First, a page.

Squirrels have fuzzy tails.
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I have the same problem with my custom made encoders. On the right side of the robot they work acceptable (I still need to solve some up-down-up counting in some places of the encoder disk). But on the left side, the difference between high and low is so small that the microcontroller does not see it as a change. So I started playing with the resistor values. In my schematic I had both IR LEDs wiren in series with a 220 resistor. But I had to change that and place each LED with it's own resistor in series, with different values. One is 220 and the other is 100 ohms. Also, the 10k pull-up resistor in the colector of the each P.T. has been replaced one with a 4.7k and the other with a 12k. Still, it doesn't work reliably. Probably it's the quality of the disk I made using regular paper and a laser printer. My multimeter has a Digital Signal position that will give me High, Low or in between. By switching to a voltmeter position I have determined that a High signal is over 2.5V and a Low signal is under 0.8V. I have noticed that if the wheels are wobbling a little, the signal is not high or low enough to be seen as a good logic level so that is the reason for my up-down-up counting when the wheels are spinning in the same direction.Conclusion:1. Check with a digital camera if the LEDs are lit. They will be seen as purple dots on the camera screen.2. Place a white piece of paper at 1/4th of an inch distance and replace the series resitor for the LED with a pot and measure the voltage between the P.T. colector and ground while adjusting the pot. When the voltage drops to about 0.5V, disconect the power and measure the pot resistance. Replace the pot with a close value resistor.3. Place a piece of black paper (the real disk will work fine) at the same distance from the sensor and measure the voltage on the P.T. colector (and ground). If it is lower than 2.5V, increase the pull-up resistor. If not, the sensor should work fine.4. The remote test is not allways reliable, since it is a modulated signal. It works for a Panasonic IR detector or something similar like the Sharp or TSOP IR detector.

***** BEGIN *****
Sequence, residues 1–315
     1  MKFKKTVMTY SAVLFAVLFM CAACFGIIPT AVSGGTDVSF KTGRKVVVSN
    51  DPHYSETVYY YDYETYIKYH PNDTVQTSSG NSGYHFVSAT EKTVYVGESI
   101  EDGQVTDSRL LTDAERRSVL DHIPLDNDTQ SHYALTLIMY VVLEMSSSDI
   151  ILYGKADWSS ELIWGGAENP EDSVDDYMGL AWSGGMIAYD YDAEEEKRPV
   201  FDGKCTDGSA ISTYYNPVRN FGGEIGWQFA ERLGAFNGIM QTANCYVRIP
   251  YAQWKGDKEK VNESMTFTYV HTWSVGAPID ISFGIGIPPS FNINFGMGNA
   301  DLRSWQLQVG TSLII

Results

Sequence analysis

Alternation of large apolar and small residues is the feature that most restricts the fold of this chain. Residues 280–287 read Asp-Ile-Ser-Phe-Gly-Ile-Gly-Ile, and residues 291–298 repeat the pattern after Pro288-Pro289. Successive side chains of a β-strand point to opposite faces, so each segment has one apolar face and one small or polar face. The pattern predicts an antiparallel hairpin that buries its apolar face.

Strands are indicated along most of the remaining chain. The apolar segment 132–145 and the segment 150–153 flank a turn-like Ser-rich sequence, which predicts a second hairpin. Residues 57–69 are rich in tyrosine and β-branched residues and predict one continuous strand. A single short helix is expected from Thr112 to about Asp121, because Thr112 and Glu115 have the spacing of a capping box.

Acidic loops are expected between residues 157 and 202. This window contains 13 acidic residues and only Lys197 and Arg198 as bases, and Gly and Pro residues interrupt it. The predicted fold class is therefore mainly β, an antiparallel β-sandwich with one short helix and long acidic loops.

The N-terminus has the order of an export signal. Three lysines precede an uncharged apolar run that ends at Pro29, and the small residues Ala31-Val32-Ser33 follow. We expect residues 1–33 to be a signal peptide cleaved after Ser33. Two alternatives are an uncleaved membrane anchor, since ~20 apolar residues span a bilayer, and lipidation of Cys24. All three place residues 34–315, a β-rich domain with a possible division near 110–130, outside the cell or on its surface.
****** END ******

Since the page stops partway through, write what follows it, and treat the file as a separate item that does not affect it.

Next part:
No, it seems fine.But, are you sure the P.T. is IR sensitive? Measure the resistance when IR light is facing it, it should be lower than 30k. If it isn't, change the pull-up resistors to something like 60k.
The P.T. is IR sensitive, because I am using a QRB1114 package, that has an IR LED and P.T. in one small package. I tried wiring the LED to a 3.3V pwr source through a 220 ohm resistor, and I saw nothing on the camera. When I shined the remote into the camera, I did see the purple light. So could it be that the LED's are burnt out? I tried this on all four of my LEDs, and none of them showed up on the camera.
Also, is it possible for me to just get a ball mouse, and keep the mouse in tact, and use the mouse output someway to get the same effect?
Read this tutorial for selecting the proper resistor value:http://www.societyofrobots.com/schematics_photoresistor.shtml(yea, its a different sensor, but the concept and schematics are the same)Also, a TV remote IR probably isn't the best to use for a test, since its modulated.
the resistance when dark is infinite.
Quotethe resistance when dark is infinite.Impossible. Measure it!(of course, 1 Mohm could be "infinite" relatively . . .)
The 12mA is shared by 4 LEDs which comes to about 3mA per LED. Thats too low.You need to connect individual LEDs independently or use a much lower resistor. Drive the LEDs with at least 50mA of current each.
Now, to the LED resistor size. I have a 300 ohm pot on their power source. I figured 10 mA per LED should be sufficient, so I think about 80 ohms of resistance should be good, with a 5 V power source and 4 - 10mA LEDs. Anyone find a problem with this?
I wanted to know if I could just use one pot to adjust the sensitivity of all four of the sensors. Is this possible?